CAIRO (Reuters) - The Israeli embassy has sent a complaint to the newspaper of Egypt’s ruling party about a cartoon that linked Israel and Nazis, an unusual step from a mission that tends to ignore its Egyptian media critics.
Al-Watani al-Youm (the National Today) published a cartoon on June 15 showing an aid ship apparently bound for Gaza being grabbed by an octopus carrying an Israeli flag with a Nazi swastika in place of the Star of David symbol.
The weekly is the mouthpiece of President Hosni Mubarak’s National Democratic Party.
“The Israeli Embassy chose to comment on this caricature specifically because of the comparison between Israel and Nazism,” spokeswoman Shani Cooper-Zubida told Reuters.
“There are a lot of anti-Semitic comments and caricatures in the Egyptian media that we prefer not to comment on. This one didn’t present legitimate opposition to Israeli policy, but defamation,” she said in an emailed response.
The cartoonist, Carlos Latuff, a Brazilian, said in an email to Reuters: “The Israeli ambassador could show the same interest, that he shows for my cartoons, for the lives of the activists lost in the Freedom flotilla.”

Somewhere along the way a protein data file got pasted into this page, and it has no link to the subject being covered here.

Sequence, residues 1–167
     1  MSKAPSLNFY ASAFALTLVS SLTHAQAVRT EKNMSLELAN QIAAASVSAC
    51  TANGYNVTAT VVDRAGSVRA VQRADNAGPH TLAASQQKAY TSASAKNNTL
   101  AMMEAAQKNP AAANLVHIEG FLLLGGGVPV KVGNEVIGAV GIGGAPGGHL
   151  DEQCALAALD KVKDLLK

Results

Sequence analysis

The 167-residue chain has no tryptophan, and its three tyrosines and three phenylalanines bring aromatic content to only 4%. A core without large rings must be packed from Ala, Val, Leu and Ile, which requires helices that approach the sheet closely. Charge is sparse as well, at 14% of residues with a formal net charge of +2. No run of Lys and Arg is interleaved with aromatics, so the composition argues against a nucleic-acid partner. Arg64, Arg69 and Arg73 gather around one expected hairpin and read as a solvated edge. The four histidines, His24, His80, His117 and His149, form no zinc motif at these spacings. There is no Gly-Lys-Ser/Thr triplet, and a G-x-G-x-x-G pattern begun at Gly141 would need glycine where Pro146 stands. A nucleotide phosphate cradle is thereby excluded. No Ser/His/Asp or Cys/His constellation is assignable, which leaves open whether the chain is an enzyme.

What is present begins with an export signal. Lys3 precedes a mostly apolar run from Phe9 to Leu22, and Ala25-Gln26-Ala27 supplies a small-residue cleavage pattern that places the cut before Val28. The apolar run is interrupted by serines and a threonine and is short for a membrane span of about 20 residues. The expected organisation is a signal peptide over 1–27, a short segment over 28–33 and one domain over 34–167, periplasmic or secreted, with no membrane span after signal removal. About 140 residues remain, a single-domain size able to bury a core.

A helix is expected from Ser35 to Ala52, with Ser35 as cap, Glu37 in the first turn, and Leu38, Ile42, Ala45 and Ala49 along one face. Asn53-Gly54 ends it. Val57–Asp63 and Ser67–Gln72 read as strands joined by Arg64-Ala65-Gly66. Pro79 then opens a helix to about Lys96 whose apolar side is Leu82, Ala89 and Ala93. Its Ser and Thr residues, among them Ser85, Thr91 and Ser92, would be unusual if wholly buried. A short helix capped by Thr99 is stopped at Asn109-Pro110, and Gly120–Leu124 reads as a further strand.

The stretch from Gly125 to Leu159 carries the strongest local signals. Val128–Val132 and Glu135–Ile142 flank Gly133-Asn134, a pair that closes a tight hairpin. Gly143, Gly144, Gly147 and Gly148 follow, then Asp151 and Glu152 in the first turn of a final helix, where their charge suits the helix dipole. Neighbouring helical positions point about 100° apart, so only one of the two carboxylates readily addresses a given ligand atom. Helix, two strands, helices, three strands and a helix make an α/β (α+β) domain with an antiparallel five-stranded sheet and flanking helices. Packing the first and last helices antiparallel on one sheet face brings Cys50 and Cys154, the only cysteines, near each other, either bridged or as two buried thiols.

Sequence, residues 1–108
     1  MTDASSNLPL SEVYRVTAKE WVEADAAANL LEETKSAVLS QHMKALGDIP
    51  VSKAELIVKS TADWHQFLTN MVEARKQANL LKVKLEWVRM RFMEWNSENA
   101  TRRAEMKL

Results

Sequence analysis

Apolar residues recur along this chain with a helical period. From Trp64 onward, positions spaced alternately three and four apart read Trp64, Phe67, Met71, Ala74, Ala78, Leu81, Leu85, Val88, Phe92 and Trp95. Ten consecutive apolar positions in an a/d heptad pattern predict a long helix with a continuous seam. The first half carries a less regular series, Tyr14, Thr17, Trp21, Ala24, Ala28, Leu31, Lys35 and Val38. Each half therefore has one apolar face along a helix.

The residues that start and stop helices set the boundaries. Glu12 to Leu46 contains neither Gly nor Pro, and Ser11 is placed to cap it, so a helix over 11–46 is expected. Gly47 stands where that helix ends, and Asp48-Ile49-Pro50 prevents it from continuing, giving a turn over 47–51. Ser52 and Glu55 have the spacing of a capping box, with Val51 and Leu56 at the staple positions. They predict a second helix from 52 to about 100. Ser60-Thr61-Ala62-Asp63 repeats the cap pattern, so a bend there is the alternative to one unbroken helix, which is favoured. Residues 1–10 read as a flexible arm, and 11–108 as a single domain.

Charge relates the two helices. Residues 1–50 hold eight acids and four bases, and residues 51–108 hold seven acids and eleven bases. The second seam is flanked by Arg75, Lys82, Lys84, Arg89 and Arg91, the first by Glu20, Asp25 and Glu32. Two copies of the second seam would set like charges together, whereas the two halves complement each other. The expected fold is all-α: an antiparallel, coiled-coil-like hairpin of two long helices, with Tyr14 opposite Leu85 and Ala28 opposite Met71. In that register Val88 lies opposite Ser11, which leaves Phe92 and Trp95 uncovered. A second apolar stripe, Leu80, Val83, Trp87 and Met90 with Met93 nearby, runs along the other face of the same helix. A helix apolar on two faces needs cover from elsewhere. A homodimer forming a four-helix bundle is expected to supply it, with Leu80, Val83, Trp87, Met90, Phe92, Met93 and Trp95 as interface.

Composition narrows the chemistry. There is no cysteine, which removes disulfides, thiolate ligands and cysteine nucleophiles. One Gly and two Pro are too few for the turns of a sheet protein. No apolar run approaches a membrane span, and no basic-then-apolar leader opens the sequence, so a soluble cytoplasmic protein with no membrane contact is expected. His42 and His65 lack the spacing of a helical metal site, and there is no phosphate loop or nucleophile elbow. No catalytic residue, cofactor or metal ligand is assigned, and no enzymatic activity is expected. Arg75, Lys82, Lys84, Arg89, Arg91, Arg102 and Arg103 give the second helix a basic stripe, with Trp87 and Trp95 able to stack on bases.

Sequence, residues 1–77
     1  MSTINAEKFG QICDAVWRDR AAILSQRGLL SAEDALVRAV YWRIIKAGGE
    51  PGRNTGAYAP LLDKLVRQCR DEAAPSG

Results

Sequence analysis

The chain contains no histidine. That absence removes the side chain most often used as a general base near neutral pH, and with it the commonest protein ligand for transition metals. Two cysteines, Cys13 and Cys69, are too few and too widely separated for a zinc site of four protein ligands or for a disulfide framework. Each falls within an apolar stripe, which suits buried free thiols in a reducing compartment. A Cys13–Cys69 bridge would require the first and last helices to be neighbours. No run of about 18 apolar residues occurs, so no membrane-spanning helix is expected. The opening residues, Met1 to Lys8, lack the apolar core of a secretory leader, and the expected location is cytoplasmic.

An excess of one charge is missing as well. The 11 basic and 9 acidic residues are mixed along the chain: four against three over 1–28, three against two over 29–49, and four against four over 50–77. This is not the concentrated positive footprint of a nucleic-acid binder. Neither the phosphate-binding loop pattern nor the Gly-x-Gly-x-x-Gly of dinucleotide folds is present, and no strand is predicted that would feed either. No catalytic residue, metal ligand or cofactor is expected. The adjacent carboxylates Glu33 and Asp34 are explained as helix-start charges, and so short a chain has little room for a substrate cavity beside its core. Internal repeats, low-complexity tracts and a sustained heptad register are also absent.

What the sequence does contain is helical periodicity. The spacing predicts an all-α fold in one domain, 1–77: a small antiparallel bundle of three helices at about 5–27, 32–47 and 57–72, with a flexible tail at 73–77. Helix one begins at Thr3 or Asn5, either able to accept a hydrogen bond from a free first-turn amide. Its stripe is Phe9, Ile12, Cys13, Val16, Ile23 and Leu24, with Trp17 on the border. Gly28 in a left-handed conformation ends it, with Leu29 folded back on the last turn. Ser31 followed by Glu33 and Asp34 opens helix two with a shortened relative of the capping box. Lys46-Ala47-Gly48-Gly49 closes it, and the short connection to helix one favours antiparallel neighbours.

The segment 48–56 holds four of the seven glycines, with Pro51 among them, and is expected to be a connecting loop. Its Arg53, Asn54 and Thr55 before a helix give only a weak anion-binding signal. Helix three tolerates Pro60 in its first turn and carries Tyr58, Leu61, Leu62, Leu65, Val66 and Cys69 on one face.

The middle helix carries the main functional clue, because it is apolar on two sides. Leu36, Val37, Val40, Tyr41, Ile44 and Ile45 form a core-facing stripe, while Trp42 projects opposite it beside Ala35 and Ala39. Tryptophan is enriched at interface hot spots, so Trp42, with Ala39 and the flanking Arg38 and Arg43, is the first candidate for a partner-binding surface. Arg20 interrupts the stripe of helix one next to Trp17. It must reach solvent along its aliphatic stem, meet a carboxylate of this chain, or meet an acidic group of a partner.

“Allegations of anti-Semitism are a well-known strategy of the Israeli government and its supporters in order to neutralise any criticism against the Israeli apartheid. These malicious allegations will not prevent me keeping on making my cartoons on behalf of the brave Palestinian people,” he added.
Egypt in 1979 became the first Arab state to sign a peace treaty with Israel, but ties have often been chilly. The storming of a Gaza aid flotilla in May by Israeli forces in which nine activists died drew Egyptian and world criticism.
The flotilla had sought to break an Israeli blockade of Gaza. Egypt, the only Arab state to border Gaza, had been criticised by the Arab public for also imposing restrictions on border crossings. Those restrictions have now been partially lifted.
“Using the Nazi swastika symbol in the heart of the cartoon, and even the idea of using it, is an insult to humanity and is tantamount to an anti-Semitic statement,” said the letter sent to the newspaper and passed to Reuters by the embassy.
Editor Mohammad el-Alfy defended his newspaper’s position in an editorial, saying it was a matter of freedom of expression.
Egypt’s president and other officials hold frequent meetings with top Israelis, but the government is often critical of Israeli policies.
Egyptian media and the public are more vocal critics, particularly over Israel’s dealings with Palestinians. The flotilla raid drew critical articles in Egypt’s press.
Reporting by Yasmine Saleh, editing by Edmund Blair and Peter Graff